In response to this real-world challenge, we actively sought scalable solutions that would reduce contaminants plaguing global agricultural supply chains. We conducted a landscape assessment to identify a broad spectrum application technology that could reliably turn back the clock on contaminants in multiple food and seed applications. We reviewed solutions spanning high pressure pasteurization, to ozone, to UV light. We eventually met with Dr. Kevin Keener, a leading expert in plasma for food safety. Dr. Keener, our former Chief Science Officer, developed a novel high voltage, atmospheric cold plasma. We partnered with Dr. Keener in 2019 and within a span of 4 years, we have built a multidisciplinary team, 14,000 square foot purpose built facility, and evolved Clean Crop’s Clean Current technology from academic concepts to commercialized hardware technology, currently tailored for seed treatment.

What problem are you solving for?

Dan: Every year, 30% of food is lost to toxins, pathogens, pests, and molds before it ever leaves farmer fields, costing farmers $220 billion in lost revenue. The seeds themselves are often the culprit for contaminating a field, bringing these diseases from elsewhere. Incumbent solutions such as chemicals or hot water treatments (often powered by fossil fuels) present the customer with a difficult tradeoff: while these tools can reduce contaminants, they can also harm seed quality in the process. In addition to harming quality, incumbent solutions require large footprints, are often labor intensive (driving up costs), and are powered by fossil fuels.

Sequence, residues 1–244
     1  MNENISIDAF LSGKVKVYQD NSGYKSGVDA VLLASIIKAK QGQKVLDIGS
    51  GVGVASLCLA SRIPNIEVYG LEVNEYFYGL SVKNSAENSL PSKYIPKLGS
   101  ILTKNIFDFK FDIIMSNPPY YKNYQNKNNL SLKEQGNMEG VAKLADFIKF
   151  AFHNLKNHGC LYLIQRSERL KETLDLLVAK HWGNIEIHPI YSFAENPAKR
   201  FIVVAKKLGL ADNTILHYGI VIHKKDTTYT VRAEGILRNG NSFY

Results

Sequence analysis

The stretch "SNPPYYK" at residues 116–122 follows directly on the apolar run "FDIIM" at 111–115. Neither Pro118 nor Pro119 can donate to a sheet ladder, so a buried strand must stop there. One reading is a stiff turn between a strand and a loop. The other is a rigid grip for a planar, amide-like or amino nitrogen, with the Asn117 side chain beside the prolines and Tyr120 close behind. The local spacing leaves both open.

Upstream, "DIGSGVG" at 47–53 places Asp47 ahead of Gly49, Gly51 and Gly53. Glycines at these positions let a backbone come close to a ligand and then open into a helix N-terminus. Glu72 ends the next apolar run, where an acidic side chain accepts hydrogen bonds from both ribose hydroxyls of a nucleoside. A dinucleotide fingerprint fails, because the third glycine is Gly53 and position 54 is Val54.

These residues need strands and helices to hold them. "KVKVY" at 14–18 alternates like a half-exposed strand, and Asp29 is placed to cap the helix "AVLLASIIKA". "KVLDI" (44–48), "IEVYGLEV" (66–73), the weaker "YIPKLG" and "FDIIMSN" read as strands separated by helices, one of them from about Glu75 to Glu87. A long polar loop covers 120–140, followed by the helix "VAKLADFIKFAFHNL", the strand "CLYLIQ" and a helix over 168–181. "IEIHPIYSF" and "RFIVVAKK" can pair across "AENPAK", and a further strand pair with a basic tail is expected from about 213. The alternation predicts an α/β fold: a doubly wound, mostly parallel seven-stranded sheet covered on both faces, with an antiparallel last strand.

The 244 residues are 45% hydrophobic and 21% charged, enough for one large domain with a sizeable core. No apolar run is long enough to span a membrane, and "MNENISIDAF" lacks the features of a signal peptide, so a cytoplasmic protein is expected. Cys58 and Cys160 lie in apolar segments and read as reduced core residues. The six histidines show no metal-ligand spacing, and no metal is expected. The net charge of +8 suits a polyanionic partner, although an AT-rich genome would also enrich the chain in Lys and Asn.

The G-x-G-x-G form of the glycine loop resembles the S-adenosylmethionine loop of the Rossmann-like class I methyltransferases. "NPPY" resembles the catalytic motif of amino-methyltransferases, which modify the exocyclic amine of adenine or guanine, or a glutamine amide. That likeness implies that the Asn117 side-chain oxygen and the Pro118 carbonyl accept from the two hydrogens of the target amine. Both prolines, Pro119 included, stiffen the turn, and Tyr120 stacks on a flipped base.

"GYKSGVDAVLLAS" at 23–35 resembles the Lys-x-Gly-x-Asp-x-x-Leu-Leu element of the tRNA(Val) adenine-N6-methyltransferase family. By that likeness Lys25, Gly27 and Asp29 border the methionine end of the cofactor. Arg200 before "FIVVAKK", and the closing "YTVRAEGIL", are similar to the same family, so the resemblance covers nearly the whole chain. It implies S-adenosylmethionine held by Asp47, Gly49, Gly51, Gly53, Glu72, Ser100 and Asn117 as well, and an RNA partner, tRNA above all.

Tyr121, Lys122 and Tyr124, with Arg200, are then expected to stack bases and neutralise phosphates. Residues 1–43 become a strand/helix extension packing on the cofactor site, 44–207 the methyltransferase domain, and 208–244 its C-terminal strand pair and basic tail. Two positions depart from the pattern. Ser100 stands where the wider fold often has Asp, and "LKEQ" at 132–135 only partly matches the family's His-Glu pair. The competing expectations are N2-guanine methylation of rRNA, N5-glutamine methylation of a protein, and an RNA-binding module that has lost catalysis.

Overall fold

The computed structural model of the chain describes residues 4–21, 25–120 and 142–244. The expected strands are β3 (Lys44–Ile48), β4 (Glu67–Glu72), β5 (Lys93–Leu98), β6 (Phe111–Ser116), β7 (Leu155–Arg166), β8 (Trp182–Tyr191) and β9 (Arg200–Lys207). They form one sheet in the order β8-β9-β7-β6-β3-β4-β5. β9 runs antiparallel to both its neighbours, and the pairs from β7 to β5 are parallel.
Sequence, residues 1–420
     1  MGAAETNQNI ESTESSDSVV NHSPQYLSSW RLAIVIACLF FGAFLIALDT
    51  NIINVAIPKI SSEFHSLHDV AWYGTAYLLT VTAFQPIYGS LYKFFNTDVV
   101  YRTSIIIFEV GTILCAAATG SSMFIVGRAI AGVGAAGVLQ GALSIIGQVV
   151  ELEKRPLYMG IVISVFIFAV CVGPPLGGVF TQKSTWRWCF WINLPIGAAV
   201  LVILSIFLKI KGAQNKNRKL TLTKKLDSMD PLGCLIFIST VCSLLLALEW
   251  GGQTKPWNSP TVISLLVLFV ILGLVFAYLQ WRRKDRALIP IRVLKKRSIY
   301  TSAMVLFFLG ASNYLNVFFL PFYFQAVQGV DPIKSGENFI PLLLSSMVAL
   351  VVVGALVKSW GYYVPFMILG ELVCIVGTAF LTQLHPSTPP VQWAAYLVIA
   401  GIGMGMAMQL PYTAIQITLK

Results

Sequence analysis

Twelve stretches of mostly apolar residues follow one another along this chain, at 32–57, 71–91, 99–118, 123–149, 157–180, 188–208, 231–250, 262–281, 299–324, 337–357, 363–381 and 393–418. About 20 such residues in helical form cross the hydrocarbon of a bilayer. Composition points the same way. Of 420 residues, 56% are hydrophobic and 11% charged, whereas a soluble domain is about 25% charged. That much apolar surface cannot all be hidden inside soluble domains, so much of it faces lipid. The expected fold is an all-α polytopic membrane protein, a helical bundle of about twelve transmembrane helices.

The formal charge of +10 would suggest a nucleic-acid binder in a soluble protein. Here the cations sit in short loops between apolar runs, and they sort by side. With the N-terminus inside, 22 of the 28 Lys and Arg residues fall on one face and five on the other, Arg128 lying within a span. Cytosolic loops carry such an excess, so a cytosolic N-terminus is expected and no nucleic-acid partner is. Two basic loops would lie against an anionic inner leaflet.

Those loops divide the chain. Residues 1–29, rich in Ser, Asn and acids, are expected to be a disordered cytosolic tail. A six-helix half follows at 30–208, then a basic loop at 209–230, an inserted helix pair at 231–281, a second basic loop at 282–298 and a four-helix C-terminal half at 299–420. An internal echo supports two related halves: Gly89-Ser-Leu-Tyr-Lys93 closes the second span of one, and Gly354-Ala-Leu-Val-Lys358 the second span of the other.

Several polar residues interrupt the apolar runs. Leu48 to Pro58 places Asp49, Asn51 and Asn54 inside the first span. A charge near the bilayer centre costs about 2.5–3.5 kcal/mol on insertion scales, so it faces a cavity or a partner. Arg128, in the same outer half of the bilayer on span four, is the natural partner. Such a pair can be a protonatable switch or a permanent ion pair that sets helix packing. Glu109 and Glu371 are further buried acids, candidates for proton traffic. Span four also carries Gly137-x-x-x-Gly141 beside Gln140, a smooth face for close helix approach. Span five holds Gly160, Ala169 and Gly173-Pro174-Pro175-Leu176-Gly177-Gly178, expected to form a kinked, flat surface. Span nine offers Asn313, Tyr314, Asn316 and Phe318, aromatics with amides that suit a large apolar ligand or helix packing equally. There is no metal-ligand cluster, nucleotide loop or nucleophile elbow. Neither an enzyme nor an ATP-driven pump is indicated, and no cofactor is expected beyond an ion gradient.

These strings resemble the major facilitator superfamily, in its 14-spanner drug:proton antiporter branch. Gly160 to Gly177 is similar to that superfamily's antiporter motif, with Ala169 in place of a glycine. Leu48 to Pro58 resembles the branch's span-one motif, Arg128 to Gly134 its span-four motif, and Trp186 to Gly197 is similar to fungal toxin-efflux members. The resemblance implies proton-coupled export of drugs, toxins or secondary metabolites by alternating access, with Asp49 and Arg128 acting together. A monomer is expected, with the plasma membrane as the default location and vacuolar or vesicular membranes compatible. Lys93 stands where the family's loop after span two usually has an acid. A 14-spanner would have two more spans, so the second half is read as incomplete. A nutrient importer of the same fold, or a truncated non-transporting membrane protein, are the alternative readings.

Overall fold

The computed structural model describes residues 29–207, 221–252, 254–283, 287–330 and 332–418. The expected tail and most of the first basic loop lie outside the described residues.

“Every year, 30% of food is lost to toxins, pathogens, pests, and molds before it ever leaves farmer fields, costing farmers $220 billion in lost revenue. The seeds themselves are often the culprit for contaminating a field, bringing these diseases from elsewhere.”

Clean Crop’s Clean Current technology eliminates this historical tradeoff: customers can have clean, decontaminated seeds without any harm to quality, and in many instances, customers see an improvement to quality after treatment.